Wednesday, September 26, 2007
Amendments to the Mexico' Law of Economic Competition and the Economics of the Anticompetitive Use of Monopolistic Practices Lawsuits
Posted by D. Daniel Sokol
Ramiro Tovar Landa of Instituto Tecnológico Autónomo de México (ITAM) has an informative new working paper concerning Mexico's competition law system Amendments to the Mexico' Law of Economic Competition and the Economics of the Anticompetitive Use of Monopolistic Practices Lawsuits.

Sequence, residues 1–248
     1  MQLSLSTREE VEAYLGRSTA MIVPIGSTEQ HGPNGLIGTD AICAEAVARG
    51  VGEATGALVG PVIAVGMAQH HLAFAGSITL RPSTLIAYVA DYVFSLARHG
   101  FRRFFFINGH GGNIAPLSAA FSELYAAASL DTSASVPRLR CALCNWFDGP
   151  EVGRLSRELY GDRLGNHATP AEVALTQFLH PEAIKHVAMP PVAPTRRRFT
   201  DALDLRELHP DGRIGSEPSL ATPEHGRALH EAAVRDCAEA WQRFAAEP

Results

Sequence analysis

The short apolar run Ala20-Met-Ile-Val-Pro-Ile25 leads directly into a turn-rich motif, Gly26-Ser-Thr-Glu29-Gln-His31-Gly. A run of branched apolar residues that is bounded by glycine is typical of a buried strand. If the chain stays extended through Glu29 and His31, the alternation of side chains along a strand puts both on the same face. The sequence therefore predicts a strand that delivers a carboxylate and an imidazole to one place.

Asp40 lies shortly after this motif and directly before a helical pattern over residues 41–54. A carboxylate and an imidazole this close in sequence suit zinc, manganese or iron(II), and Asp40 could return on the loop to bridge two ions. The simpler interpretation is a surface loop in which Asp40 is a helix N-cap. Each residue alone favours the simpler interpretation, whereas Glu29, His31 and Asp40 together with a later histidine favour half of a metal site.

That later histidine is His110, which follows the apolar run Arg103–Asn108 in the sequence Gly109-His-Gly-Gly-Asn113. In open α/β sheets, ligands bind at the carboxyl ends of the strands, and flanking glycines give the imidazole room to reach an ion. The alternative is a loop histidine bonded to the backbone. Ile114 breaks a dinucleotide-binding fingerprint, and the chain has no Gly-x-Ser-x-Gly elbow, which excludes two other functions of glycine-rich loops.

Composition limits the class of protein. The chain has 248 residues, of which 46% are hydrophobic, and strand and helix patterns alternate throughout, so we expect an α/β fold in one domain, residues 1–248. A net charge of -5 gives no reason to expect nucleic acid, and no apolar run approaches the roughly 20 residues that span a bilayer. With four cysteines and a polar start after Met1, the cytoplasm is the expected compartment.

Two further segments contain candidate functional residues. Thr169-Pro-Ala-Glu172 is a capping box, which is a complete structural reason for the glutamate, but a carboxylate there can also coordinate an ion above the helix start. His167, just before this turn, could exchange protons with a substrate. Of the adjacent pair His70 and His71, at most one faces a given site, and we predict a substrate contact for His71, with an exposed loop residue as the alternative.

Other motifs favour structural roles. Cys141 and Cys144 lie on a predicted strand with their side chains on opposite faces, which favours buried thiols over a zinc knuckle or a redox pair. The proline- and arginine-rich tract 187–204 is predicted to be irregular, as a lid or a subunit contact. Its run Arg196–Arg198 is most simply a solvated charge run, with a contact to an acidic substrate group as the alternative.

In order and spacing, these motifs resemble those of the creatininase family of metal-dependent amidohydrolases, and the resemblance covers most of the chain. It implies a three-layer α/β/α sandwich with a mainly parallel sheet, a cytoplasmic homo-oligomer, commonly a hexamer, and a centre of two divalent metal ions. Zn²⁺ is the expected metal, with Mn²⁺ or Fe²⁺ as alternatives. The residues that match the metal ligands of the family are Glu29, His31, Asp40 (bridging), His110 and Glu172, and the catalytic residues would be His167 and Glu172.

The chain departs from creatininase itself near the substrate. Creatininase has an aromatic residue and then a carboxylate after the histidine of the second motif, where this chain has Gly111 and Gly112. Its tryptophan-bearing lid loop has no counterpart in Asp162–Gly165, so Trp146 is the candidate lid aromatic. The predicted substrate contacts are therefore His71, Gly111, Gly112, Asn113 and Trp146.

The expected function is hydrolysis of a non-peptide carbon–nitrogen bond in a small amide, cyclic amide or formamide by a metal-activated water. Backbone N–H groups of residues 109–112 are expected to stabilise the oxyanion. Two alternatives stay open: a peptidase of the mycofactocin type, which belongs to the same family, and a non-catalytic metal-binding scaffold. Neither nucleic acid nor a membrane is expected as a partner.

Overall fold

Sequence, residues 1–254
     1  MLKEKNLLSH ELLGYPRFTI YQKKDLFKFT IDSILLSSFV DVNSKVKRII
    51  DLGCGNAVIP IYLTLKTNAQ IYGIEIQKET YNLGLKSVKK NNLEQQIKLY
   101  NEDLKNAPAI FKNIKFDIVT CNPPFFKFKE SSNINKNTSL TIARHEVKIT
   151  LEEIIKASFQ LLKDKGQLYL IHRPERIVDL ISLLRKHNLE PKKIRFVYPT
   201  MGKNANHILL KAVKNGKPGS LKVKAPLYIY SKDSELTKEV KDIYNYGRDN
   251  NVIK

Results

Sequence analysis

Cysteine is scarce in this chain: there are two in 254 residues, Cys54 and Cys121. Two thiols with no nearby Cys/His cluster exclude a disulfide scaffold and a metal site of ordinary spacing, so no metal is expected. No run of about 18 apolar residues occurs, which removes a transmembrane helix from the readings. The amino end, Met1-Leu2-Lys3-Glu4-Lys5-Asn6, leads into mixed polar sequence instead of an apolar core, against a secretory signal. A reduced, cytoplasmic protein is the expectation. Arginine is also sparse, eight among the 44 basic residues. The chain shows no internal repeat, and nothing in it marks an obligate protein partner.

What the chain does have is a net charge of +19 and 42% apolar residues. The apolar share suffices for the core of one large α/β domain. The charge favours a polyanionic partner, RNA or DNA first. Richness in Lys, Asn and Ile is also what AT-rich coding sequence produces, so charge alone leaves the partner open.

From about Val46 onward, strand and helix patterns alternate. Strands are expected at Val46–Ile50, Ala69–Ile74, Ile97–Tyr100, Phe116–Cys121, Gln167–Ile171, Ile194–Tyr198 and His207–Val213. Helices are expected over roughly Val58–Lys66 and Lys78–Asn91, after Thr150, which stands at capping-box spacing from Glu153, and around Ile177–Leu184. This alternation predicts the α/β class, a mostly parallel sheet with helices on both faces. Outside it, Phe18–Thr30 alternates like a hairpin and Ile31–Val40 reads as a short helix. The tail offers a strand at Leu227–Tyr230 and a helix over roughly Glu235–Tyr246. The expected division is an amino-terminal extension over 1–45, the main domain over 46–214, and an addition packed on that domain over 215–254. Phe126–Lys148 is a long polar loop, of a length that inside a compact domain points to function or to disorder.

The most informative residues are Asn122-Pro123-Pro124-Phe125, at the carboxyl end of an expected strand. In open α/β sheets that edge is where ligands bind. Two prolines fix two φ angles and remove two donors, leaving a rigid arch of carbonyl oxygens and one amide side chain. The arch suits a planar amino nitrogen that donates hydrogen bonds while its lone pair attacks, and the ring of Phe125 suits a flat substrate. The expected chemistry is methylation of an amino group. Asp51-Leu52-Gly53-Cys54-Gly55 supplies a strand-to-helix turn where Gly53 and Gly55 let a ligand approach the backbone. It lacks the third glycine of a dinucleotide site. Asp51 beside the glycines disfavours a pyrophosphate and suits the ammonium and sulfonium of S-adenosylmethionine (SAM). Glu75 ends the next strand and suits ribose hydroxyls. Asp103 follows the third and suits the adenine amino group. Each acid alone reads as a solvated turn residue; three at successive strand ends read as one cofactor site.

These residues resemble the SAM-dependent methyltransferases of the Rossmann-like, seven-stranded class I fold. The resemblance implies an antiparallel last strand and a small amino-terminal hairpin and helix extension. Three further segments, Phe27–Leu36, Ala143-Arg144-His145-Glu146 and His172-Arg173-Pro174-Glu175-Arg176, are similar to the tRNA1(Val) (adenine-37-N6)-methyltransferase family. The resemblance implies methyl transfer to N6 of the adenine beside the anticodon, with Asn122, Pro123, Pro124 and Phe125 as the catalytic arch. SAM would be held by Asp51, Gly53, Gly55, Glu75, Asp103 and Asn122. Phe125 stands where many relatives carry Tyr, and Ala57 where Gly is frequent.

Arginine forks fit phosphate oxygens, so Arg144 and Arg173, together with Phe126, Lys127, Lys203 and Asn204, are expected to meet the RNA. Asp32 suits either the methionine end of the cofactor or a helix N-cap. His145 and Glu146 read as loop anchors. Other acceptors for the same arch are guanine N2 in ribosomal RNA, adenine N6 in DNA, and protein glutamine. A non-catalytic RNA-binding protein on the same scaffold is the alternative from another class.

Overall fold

ABSTRACT: One of the main characteristics of the amendments to the Federal Law of Economic Competition (LFCE, as per its abbreviation in Spanish) is that it includes, in explicit manner, several unilateral conducts of the economic agents, broadening the catalogue of relative monopolist practice. Some of these practices were only established in the LFCE Regulations or Guidelines and, as such low legal ranking level, the sanctioning capacity was obstructed by unconstitutionality in its application. Now, at statute level, there is a broad array of practices that are easily seen in markets and that, generally, have an economic justification since they generate efficiencies in the competition process. There is consensus that the existence or magnitude of such efficiencies are not conditioned to the fact that the agent that carries them out has or does not have substantial market power. Consequently, the analysis needed to distinguish between practices that have an anticompetitive effect, from those which have a pro-competitive effect is complex and, therefore, are subject to error. In this case, the Mexican Federal Competition Commission (CFC, as per its abbreviation in Spanish) operates as a regulator and, like any other regulator; it operates with inherently imperfect information.